On August 20, 2013 avid cyclists and supporters of FACES took part in a Soul Cycle Charity Ride in Greenwich, CT to spread the FACES mission and epilepsy awareness. Soul Cycle is an indoor cycling studio, offering engaging workouts that benefit both the mind and body.
Organized by Margaret Pedersen – no stranger to the FACES community – the charity ride was led by Soul Cycle instructor Nina Rutsch and attended by 60 cyclists. The ride raised an incredible $17,000 towards the programs and services FACES offers to the epilepsy community. Our very own Dr. Orrin Devinsky and his wife Deborah were able to take part in the ride, alongside Margaret and other riders who were either affiliated with the practice or friends of Margaret.
Margaret was diagnosed with epilepsy in 2005 when she was 10 years old. Her family has been extremely involved with FACES as a result of the big part Dr. Devinsky has played in their lives for the past 8 years. The Soul Cycle ride was her chance to give back one more time before leaving for college this fall, and a way to say thank you to Dr. Devinsky for everything he has done. The ride helped her also show support for all the children suffering from epilepsy, especially those she’s met at hospitals and past FACES events. Margaret is fortunate enough to have her epilepsy under control, but has unfortunately met many others who cannot live a normal life because of the severity of their epilepsy.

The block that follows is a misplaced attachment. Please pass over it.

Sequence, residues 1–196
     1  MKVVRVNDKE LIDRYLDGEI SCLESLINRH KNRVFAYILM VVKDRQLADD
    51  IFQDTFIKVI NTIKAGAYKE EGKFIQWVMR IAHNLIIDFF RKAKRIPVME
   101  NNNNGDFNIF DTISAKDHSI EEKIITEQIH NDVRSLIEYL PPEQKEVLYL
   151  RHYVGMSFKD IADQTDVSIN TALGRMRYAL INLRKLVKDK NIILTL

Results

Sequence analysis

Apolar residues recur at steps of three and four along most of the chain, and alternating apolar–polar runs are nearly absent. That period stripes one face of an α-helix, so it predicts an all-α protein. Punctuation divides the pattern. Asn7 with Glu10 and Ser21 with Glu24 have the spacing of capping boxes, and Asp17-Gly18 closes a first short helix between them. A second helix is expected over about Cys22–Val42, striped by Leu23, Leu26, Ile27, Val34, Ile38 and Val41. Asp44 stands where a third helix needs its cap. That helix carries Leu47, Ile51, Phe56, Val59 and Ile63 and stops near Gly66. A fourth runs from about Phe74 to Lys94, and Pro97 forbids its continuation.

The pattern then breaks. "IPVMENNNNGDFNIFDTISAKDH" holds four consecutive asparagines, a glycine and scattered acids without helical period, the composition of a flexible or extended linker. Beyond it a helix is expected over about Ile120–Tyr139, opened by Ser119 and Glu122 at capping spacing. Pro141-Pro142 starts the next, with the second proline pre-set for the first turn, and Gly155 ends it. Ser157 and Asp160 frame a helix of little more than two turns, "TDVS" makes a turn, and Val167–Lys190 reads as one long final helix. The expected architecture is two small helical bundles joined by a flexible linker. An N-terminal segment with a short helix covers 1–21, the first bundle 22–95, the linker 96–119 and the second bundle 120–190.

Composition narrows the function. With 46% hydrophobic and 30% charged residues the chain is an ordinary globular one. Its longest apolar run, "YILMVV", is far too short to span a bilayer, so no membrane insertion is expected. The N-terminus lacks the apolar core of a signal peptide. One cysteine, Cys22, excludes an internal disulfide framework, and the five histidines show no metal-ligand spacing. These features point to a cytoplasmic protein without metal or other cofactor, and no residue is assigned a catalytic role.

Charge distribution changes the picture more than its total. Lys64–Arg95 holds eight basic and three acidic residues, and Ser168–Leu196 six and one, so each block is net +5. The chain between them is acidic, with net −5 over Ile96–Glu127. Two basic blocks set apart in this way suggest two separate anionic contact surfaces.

In her initial outreach to Soul Cycle, Margaret stated “I would love nothing more than to raise money to help find a cure, so that one day in the future all those kids can live a normal, healthy life just like I do.”
Take a look at these uplifting pictures from the rigorous, yet fun ride at Soul Cycle!
FACES Supporters at Soul Cycle
Margaret Pederson & Soul Cycle
instructor, Nina Butsch
Registration deadline: September 25
There is a $5 registration fee per guest and it includes a special gift!